This’ll wrinkle some brows!
A Senate committee ponders a plastic-surgery tax
Thu, Aug 13, 2009 (midnight)
Illustration: Robert Ullman
The Drudge Report went straight for the cheap joke—photos of Vice President Joe Biden and House Speaker Nancy Pelosi. Then the late-night hosts made the obligatory cracks about Pelosi’s facial features.
A Los Angles Times blog illustrated an entry about the tax with a photo of Michael Jackson.
Welcome to the debate about the Botax, an issue custom-fitted for bad jokes and tabloid headlines.
The Senate Finance Committee has been kicking around the idea of creating a 10 percent federal sales tax on cosmetic surgeries. Uh-oh. This is going to cause some wrinkles around the eyes in Sin City, where cosmetic surgeons advertise on bus-stop shelters.
In 2008 there were more than 12 million cosmetic surgeries performed in the country. That’s a lot of fake busts, shortened noses and tucked tummies. In addition, there were more than 5 million shots of botox pushed into cheeks and foreheads. The total cost? More than $10 billion.
The total cost of overhauling the American health-care system? Estimated to be in the neighborhood of $1 trillion.
The cosmetic-surgery industry has begun lobbying against the tax, asking logical questions. Who decides what surgery is necessary? Cosmetic surgeries have been defined by the IRS as “any procedure which is directed at improving the patient’s appearance and does not meaningfully promote the proper function of the body or prevent or treat illness or disease.”
Is this sexist? Most sources claim women get about 85 percent of all cosmetic procedures.
And, most importantly, would this work? A similar tax in New Jersey, the only state to tax such procedures, has largely been a failure, bringing in only about 25 percent of the expected revenue. (A spokesman for the Nevada State Medical Association couldn’t be reached for comment.)
The American Academy of Cosmetic Surgery also offers this startling statistic: Among men surveyed, 31 percent said they would choose Dr. Meredith Grey from Grey’s Anatomy to perform their surgery. That’s a little odd since Dr. Grey does not work in plastics with McSteamy.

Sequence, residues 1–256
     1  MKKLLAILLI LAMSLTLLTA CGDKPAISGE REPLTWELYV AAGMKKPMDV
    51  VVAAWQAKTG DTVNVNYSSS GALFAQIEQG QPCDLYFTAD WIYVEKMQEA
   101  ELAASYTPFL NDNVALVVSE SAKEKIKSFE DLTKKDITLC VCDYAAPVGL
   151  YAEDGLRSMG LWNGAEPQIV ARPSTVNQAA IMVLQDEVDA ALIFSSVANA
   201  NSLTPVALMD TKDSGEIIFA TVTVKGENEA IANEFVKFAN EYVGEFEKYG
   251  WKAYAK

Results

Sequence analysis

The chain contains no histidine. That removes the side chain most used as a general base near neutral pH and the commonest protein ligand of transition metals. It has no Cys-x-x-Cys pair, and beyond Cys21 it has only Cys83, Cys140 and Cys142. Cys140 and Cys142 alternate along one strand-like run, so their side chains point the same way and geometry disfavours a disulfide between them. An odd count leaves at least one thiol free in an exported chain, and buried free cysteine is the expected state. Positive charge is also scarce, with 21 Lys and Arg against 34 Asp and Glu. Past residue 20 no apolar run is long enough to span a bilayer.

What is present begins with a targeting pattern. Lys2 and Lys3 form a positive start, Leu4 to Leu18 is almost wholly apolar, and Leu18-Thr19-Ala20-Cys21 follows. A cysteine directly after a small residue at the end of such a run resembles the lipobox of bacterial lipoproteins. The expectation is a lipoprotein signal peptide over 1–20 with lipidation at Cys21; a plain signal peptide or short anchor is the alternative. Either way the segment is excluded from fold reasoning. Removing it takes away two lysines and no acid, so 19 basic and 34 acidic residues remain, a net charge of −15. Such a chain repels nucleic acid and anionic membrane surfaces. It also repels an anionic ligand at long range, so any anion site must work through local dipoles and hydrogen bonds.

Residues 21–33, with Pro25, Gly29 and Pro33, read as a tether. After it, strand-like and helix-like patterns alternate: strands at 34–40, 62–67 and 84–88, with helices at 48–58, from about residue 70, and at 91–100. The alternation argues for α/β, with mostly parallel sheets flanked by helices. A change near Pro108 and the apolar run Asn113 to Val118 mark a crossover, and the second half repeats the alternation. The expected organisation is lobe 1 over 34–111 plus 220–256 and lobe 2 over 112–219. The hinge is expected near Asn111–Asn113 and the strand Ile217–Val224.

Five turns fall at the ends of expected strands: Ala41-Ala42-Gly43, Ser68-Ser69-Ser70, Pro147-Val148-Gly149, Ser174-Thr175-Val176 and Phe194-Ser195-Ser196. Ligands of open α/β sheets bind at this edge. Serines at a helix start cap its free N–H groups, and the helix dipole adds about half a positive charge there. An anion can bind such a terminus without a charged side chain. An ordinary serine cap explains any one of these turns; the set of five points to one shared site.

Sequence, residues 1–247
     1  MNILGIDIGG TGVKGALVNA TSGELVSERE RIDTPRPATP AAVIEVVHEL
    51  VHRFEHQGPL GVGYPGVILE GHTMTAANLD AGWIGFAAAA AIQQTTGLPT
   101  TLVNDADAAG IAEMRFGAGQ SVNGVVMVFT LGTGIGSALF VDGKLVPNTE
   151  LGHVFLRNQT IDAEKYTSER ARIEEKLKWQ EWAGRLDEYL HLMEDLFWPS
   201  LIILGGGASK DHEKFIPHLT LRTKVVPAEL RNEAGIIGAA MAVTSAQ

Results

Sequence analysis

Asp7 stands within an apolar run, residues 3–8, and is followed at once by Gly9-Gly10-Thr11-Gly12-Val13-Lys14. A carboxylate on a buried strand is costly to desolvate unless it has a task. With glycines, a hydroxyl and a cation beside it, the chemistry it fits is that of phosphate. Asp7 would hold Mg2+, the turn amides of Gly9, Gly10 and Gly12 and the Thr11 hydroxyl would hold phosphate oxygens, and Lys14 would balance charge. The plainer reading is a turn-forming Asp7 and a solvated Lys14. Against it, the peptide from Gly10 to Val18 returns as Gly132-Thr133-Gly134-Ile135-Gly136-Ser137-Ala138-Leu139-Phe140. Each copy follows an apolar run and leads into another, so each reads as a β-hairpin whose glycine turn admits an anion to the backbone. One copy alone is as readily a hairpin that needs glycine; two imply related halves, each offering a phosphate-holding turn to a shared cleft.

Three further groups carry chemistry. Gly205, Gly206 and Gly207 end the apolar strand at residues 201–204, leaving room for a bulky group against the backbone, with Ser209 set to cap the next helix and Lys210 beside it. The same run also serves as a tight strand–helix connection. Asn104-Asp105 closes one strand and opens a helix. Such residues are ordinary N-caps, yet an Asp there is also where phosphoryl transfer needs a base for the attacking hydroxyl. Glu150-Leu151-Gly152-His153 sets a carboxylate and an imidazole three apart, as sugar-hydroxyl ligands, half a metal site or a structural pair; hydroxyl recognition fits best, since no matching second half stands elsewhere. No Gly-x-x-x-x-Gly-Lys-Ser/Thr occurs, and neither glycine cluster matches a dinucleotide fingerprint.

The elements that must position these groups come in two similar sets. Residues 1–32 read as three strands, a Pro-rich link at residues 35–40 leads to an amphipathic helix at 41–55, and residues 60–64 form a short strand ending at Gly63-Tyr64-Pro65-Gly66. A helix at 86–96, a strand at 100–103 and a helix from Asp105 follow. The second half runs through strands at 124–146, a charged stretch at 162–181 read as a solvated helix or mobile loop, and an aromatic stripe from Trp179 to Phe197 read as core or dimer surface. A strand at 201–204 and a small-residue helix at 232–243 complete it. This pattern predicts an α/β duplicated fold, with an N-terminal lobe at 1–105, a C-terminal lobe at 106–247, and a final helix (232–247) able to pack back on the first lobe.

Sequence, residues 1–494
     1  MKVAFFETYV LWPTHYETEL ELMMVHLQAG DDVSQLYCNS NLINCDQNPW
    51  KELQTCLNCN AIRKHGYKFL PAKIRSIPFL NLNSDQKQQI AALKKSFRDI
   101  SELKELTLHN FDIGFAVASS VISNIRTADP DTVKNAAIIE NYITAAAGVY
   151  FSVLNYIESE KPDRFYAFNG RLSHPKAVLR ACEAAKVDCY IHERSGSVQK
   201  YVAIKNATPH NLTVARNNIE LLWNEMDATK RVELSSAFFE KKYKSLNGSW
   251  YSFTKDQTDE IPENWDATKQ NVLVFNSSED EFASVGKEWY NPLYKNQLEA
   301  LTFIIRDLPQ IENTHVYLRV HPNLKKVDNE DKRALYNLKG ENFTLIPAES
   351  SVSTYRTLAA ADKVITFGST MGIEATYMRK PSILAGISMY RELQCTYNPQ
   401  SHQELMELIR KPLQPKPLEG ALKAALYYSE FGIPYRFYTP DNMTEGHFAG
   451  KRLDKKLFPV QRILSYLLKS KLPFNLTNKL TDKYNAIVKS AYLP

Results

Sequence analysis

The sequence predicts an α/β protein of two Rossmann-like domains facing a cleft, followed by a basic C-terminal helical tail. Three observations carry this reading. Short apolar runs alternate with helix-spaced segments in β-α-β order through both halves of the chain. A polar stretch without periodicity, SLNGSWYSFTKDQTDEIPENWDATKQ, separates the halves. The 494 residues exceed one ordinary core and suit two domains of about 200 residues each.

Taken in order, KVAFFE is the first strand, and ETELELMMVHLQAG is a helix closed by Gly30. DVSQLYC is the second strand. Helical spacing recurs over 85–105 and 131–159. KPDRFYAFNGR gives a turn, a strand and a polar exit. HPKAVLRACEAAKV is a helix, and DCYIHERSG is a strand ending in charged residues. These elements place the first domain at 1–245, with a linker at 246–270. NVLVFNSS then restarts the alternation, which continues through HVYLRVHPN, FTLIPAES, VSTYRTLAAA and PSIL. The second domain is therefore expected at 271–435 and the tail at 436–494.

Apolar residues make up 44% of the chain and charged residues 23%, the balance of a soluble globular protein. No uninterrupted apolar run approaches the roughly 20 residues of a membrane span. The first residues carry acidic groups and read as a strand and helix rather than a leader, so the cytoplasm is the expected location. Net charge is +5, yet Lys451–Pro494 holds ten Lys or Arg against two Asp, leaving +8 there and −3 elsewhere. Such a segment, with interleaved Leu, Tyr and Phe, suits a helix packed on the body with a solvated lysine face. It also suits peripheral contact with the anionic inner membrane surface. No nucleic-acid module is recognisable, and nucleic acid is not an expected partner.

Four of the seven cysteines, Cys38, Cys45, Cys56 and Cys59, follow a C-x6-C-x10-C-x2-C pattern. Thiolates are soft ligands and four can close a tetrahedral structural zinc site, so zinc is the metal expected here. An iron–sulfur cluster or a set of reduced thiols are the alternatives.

Still probably better than Dr. Sean Su, the local doctor who recently had his medical license suspended after a pair of botched surgeries he allegedly performed in an unlicensed clinic using expired medicines. Or the strange series of thousands of underground cosmetic surgeries performed for cash during the off hours of The Medical Spa at Summerlin. The lawsuit in that case, between the spa owner and a doctor, is ongoing.
And while plastic surgery is sure to grab headlines, especially when accompanied by Michael Jackson photos—or, as Fox News did, a slide show of celebrities who seem to have had a little work done, including the queen of the tight faces, Joan Rivers, and the princess of plastic surgery, Pamela Anderson.
But the Las Vegas headlines will not only be about the politics surrounding $4,000 breast-augmentation specials. Nevada treats taxes like Donatella Versace treats the aging process: denial and avoidance.
We live in a state where a governor can be elected primarily on the basis of anti-tax propaganda—despite sexual-assault accusations; evidence he employed an illegal-immigrant nanny; and allegations that as a Congressman he steered defense contracts to a friend in return for a cruise and awarded a no-bid contract to a company that had his wife on the payroll.
In a strange twist, the cocktail waitress Gov. Jim Gibbons had been accused of attempting to do something dirty with seems to have had a little work done herself. Doesn’t seem like the governor would have charged her the extra 10 points.
Nor will anyone getting the discount surgeries be eager to pony up an extra $400.